The marriage of two concepts that err on the side of sharing information.

The recent publishing of the Afghan War Diary on WikiLeaks put that website in the news like never before. WikiLeaks described it as “an extraordinary compendium of over 91,000 reports covering the war in Afghanistan from 2004 to 2010.” Though some find the content to be mostly ordinary, the U.S. government is peeved enough to demand the return of the info. It’s the biggest leaking case since Richard Armitage snitched out Valerie Plame back in 2003. Given the hubbub, it’s a great time to look at the word “WikiLeaks.”\n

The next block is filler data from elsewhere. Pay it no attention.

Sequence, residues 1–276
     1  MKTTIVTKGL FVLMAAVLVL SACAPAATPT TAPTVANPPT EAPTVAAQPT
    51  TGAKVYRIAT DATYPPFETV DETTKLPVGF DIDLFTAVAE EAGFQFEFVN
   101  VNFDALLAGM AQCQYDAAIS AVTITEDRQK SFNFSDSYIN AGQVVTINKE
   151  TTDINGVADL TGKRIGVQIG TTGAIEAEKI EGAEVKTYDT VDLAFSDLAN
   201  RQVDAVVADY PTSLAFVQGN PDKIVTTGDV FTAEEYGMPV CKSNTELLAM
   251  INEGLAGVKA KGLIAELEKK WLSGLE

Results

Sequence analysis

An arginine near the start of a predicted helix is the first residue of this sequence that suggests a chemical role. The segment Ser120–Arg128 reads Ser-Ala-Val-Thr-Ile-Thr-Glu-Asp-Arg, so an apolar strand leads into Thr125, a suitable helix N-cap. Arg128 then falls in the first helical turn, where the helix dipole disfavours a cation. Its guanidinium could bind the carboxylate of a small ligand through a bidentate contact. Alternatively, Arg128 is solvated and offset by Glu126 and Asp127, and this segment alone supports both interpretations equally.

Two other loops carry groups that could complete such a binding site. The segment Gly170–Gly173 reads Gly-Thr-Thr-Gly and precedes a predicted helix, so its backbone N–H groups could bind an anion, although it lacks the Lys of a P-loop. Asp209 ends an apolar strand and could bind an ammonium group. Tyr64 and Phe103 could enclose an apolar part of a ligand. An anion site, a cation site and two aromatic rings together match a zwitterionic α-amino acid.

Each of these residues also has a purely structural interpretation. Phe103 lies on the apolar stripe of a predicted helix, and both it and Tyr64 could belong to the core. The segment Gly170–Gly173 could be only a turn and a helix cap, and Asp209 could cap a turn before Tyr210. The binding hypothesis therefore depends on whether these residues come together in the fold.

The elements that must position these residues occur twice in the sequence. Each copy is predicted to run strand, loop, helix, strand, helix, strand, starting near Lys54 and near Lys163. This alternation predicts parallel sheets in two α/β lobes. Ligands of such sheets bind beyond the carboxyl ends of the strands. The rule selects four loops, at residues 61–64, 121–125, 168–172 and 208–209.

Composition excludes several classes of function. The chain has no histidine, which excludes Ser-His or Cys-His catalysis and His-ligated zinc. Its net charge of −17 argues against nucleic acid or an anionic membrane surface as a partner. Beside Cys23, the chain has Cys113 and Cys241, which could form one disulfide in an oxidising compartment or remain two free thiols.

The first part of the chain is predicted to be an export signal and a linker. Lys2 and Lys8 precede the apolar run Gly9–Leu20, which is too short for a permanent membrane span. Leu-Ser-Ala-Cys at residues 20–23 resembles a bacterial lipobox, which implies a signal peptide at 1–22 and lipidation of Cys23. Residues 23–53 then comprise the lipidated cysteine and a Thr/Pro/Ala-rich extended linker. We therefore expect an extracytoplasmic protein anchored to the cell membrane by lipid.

The website WikiLeaks has been around since 2007 and is a self-described “multi-jurisdictional public service designed to protect whistleblowers, journalists, and activists who have sensitive materials to communicate to the public.” The amount of material on the site is brain-boggling: Just a glance through the site turns up documents on Guantanamo Bay’s use of psychologists in torture, Henry Kissinger transcripts from the 1970s, info on the nuclear capability of many nations, descriptions of secret fraternity rituals, and the “Command Chart of Scientology.” Seeking to be “a buttress against unaccountable and abusive power,” the site provides a forum for concerned folks in the know—whether in government, business, or elsewhere—to share information. Their goals are lofty: “What conscience cannot contain, and institutional secrecy unjustly conceals, WikiLeaks can broadcast to the world.”

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